Cochlear™ (cochlear) implants

Cochlear Ltd

Cochlear™ is the heaviest heavy weight in the implantable hearing prosthetics market. In fact, it estimates that it holds a 65% share of cochlear implants; with a sales revenue of $715M [1]. It’s big, well rooted (older than I am), and has a vast range of products. The variety was overwhelming when I started my studies in this field, so this is my attempt to alleviate that burden for newcomers as well as pros who need a quick reference point.

This post is one of three that I intend to publish on ranges of cochlear implants. Needless to say, this one’s about Cochlear™. I plan on giving the same layouts for MED-EL and Advanced Bionics cochlear implants at later dates.  I’ve listed all the processors, receiver/ simulators, and electrode arrays that Cochlear™ has commercially produced and I’ve placed them all into the figure below. If you’re having difficulty in remembering the various parts of a cochlear implant, or what function they serve, have a look here.

Cochlear

You’ll notice that I make a distinction between the external and implanted components and also between the receiver/ stimulator and electrode array. Some publications (including peer reviewed journal papers) don’t always differentiate between the two and I find that it causes a bit of confusion when you can have more than one electrode which can be connected to a receiver/ stimulator. For the sake of consistency keep in mind that there is a difference between the two parts and that we’re moving into an era of multiple electrode array options for a single receiver/ stimulator.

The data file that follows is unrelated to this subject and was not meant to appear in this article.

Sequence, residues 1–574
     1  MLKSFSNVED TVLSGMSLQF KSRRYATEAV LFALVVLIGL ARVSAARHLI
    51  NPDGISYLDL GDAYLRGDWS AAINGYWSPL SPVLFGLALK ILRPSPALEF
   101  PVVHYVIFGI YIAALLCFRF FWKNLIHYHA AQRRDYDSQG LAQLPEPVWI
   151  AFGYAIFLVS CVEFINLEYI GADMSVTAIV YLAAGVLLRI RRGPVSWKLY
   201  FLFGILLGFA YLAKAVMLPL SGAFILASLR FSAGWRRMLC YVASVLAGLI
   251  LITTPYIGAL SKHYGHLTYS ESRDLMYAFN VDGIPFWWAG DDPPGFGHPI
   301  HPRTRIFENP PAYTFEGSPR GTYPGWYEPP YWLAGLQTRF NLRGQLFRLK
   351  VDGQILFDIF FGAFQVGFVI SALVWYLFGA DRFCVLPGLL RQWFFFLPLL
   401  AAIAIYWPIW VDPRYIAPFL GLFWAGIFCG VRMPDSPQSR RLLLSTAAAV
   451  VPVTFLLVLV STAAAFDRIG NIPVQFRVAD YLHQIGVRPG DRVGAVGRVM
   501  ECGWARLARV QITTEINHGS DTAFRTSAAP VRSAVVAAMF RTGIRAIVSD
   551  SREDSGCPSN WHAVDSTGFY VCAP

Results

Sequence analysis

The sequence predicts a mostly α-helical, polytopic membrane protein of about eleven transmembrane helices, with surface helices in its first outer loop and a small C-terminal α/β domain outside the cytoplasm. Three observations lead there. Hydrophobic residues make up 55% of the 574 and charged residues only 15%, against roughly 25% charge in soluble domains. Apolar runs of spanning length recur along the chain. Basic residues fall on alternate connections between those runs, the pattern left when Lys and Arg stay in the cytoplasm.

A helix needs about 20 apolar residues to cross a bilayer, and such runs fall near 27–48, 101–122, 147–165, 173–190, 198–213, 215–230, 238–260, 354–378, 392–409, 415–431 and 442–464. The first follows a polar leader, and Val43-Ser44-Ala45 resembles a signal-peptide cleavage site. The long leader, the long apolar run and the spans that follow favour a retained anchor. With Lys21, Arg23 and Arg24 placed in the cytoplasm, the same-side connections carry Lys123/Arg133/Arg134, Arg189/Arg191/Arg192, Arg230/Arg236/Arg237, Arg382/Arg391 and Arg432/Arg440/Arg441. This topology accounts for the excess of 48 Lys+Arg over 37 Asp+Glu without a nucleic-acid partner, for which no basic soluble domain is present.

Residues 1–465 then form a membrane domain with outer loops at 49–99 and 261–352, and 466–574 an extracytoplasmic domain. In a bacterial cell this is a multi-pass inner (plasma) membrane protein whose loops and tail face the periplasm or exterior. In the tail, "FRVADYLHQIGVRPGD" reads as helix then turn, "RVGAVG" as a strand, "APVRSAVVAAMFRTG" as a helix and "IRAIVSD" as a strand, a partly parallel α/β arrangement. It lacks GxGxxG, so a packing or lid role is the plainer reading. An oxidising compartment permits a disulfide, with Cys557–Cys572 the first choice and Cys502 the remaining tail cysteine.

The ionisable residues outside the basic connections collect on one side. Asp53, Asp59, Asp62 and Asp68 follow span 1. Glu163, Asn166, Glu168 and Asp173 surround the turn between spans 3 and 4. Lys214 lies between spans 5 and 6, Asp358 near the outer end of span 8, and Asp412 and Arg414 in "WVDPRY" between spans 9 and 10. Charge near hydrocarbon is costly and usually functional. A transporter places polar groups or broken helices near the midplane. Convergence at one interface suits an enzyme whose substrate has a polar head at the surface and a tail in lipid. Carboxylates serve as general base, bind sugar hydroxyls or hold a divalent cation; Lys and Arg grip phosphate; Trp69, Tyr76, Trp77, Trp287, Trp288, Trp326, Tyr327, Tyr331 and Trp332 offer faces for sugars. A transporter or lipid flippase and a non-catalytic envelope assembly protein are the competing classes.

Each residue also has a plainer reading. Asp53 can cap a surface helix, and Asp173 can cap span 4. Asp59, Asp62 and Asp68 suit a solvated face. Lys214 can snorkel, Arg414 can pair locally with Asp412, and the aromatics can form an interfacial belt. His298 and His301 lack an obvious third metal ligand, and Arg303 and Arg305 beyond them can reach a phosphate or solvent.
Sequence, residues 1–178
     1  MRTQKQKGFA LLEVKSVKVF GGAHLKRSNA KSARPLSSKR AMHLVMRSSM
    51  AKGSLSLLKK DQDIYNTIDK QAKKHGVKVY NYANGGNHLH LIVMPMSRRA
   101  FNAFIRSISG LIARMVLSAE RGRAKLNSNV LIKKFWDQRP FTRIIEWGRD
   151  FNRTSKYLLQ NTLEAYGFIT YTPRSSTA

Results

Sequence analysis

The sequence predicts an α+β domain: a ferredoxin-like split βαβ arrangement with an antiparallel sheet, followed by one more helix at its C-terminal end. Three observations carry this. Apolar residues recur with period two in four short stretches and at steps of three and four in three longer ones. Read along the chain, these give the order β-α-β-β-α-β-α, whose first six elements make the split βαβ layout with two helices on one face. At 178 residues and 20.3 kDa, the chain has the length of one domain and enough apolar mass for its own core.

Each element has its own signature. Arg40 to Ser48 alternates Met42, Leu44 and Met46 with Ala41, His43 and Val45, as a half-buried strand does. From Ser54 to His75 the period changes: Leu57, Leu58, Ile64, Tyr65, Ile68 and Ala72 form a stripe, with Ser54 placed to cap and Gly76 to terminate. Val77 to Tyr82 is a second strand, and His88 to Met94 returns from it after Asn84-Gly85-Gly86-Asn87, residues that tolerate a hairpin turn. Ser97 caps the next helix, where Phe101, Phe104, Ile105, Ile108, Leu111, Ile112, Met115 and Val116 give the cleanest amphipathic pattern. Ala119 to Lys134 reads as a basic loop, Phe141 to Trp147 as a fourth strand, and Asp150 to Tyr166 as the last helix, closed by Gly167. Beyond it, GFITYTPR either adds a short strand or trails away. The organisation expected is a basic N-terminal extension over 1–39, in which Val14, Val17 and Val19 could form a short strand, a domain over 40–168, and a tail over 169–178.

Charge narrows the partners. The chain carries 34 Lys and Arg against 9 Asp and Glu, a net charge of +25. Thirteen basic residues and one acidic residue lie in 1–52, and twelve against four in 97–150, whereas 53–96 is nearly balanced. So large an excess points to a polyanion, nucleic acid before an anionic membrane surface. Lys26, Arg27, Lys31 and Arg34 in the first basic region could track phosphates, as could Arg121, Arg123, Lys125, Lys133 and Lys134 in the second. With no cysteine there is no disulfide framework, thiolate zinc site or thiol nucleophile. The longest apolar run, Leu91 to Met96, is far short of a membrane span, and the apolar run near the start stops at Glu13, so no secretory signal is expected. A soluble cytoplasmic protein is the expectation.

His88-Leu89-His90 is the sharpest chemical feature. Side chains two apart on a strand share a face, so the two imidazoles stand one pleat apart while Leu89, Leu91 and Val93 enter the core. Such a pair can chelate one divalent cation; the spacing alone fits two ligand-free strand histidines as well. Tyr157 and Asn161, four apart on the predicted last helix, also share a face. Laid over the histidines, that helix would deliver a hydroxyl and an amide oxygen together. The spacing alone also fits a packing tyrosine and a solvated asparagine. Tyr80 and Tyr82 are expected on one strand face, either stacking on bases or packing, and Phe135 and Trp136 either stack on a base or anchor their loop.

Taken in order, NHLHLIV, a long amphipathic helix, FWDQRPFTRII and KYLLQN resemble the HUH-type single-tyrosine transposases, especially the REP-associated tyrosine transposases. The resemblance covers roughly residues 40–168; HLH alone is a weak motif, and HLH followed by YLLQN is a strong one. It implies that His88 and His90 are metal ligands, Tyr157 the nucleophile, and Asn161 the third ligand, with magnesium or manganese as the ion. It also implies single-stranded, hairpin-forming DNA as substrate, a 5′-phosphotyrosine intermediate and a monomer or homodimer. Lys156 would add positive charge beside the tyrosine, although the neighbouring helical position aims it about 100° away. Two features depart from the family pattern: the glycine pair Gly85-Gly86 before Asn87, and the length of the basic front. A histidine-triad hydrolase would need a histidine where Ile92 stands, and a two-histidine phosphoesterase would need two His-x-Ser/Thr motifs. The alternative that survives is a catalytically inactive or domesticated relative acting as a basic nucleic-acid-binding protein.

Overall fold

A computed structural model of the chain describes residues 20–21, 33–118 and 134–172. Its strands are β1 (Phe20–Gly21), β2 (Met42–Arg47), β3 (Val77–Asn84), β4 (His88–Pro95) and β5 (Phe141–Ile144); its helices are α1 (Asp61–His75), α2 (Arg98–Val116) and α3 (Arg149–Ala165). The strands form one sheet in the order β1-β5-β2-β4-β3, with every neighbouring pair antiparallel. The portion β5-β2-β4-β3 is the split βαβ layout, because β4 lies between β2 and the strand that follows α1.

In the figure, each grey and white bar represents a year, so the CI22 was first released in 1982. Back then there weren’t any options – its was a complete system. The asterisk * shows where different components have the same name because they are part of a system with no forwards or backwards compatibility. (There are very few of these left around!). The bar in which the bottom of a box lies, shows the year Cochlear™ made it commercially available. The height of a box has no meaning other than that’s how much space I needed to write the name.

Cochlear likes to keep us alert, so they sometimes repeat a the same word for the processor and receiver/ stimulators. In fact, all stimulators have a Nucleus prefix. So the Nucleus 5 could be referring to either an internal or external component, but a CP920 coupled with a CI512 (which are soon to be re-released) is a specific combination.

Forwards or backwards compatibility is indicated by a line connecting one component to another, and a dashed line indicates planned backwards compatibility.  The colours don’t necessarily mean anything, but they should help you make better sense of it all. I’m sure there’s a missing line or component somewhere, so hit me with a comment or contact me if you think that something needs to be modified.

I’d like to thank Mary Grasmeder, a great audiological scientist at the University of Southampton Auditory Implant Service, for helping me with this work.

References
[1] Cochlear Limited. (2013) A shared future. Cochlear Annual Report 2013 [Online]. Available: http://www.cochlear.com/wps/wcm/connect/50c02a81-a224-4ca9-a639-bf045657c1a4/corporate_2013annualreport_financial_1.43MB.pdf?MOD=AJPERES&CONVERT_TO=url&CACHEID=50c02a81-a224-4ca9-a639-bf045657c1a4.

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